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Automatically convert your code to PHP 7.4 syntax using Rector

Original – by Freek Van der Herten – 3 minute read

In PHP 7.4, two new features were introduced that I'd like to use in my packages and projects: short closures and typed properties. Even though an IDE can help with converting to the new syntax, I'd don't want to manually hunt down all the places where the new syntax can be used. Lucky there's a tool that can do this work automatically.

Using Rector

Rector is a fantastic tool to convert code written for an older version of PHP to use all the shiny new features of newer PHP versions. It can be used to use short closures and typed properties automatically.

To use it, you must create a file called rector.yaml in your project or package with this content:

    php_version_features: '7.4'
    Rector\Php74\Rector\Closure\ClosureToArrowFunctionRector: ~
    Rector\Php74\Rector\Property\TypedPropertyRector: ~

Rector can be used via Docker (I couldn't use it via composer global because of conflicting dependencies). Just issue this command in the root of your project or package (replace app with the directory you want to convert).

docker run -v $(pwd):/project rector/rector:latest process /project/app --config="/project/rector.yaml"  --autoload-file /project/vendor/autoload.php

If you have a place in your environment where you can define bash functions, you can use this one from my dotfiles to make it even easier.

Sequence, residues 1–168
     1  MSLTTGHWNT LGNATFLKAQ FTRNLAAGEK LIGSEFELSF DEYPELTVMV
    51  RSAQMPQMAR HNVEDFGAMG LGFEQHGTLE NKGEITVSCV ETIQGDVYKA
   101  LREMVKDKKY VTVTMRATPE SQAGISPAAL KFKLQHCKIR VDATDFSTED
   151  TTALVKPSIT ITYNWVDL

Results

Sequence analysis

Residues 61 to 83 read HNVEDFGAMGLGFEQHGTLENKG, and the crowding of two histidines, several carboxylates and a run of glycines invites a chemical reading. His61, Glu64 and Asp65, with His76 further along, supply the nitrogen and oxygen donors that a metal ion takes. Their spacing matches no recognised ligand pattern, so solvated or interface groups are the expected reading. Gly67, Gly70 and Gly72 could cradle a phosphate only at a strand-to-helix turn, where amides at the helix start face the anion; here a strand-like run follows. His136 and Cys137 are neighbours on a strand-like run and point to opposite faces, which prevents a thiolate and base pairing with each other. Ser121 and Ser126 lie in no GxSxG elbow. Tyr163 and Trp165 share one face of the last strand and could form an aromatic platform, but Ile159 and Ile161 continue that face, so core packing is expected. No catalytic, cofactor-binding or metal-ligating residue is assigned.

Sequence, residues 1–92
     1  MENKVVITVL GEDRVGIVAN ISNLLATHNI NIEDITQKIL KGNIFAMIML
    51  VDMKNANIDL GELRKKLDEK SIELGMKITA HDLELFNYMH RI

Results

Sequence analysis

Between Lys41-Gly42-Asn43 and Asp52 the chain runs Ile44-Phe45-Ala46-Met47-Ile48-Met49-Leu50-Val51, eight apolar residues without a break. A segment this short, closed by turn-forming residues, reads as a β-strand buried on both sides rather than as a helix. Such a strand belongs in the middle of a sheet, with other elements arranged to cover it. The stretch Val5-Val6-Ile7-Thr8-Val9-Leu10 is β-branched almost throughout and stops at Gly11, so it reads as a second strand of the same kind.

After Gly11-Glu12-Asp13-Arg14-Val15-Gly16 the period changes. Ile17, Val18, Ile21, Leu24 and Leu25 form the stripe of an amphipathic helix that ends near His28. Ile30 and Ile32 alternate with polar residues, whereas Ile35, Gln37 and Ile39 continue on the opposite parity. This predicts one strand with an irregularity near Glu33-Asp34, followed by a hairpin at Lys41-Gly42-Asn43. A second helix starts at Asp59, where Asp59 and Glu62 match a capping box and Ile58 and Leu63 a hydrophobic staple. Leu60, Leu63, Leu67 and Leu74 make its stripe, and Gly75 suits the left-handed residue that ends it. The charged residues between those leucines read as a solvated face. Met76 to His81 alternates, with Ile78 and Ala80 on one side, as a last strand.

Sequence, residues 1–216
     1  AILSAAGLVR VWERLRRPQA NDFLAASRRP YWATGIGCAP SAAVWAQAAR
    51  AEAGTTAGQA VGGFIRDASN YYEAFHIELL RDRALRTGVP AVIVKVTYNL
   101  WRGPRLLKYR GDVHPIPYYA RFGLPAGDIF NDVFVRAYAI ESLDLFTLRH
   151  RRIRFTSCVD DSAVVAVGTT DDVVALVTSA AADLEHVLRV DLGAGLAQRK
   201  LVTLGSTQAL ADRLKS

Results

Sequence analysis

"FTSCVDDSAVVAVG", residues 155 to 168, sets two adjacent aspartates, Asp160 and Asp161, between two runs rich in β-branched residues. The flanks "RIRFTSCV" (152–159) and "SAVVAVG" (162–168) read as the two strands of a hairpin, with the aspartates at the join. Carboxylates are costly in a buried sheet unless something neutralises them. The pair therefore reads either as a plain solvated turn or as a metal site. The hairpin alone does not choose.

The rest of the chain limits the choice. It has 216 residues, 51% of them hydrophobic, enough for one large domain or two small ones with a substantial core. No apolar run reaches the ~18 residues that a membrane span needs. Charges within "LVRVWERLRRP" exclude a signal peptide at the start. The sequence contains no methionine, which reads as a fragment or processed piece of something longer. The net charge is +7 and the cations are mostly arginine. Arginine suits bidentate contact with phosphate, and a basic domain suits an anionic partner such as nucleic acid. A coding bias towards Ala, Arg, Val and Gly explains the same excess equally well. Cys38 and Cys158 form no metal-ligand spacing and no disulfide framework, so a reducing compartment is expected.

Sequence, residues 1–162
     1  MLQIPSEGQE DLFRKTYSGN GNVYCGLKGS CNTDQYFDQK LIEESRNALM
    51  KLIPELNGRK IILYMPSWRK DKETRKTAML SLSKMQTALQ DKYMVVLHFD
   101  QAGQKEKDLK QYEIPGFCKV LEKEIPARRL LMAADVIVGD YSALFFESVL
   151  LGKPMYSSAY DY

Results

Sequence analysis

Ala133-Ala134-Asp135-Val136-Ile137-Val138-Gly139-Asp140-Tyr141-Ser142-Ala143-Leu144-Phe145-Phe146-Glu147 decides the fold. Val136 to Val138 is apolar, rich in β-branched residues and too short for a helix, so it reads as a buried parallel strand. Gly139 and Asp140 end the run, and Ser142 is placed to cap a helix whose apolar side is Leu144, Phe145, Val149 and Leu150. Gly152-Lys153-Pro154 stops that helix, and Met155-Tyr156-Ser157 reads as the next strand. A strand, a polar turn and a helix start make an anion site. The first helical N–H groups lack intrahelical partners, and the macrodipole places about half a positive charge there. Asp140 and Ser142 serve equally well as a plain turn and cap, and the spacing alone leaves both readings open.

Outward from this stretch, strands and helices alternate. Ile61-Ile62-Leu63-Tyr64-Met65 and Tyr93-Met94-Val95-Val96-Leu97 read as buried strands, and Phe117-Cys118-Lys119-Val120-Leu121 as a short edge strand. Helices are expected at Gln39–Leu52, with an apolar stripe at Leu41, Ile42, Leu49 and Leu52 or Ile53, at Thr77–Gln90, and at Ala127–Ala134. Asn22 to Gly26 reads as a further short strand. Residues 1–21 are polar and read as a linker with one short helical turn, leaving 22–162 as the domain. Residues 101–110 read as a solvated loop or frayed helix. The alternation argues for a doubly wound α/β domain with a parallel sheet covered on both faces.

function rector() {
   docker run -v $(pwd):/project rector/rector:latest process /project/$1 --config="/project/rector.yaml"  --autoload-file /project/vendor/autoload.php

With this in place, you only need to issue this command to convert the app directory.

rector app

Some caveats

There are two caveats. First, Rector won't remove DocBlocks that become unnecessary. Rector will convert this

// in a class

/** @var string */
protected $myString

to this

// in a class

/** @var string */
protected string $myString

so you'll need to remove that line containing @var manually.

The second caveat is that, sometimes, Rector will break your code. It will try to use typed properties wherever possible. If a class overrides a non-typed property and you try to type that, PHP will throw an error.

In Laravel projects, this becomes apparent when Rector types the properties of console commands and Eloquent models.

// this will break

class MyCommandDescription extends Command
    protected string $signature = 'my-command-signature';

    protected string $description = 'My command description';

The easiest solution is to remove those added types by performing a few search/replaces.

In general, I recommend only using Rector on a project or a package that has a solid test suite, so you can easily verify if everything works correctly after Rector converted the code.

In closing

Rector can has a lot more options then the ones mentioned in this blogpost. To know more head over the Rector repo on GitHub.

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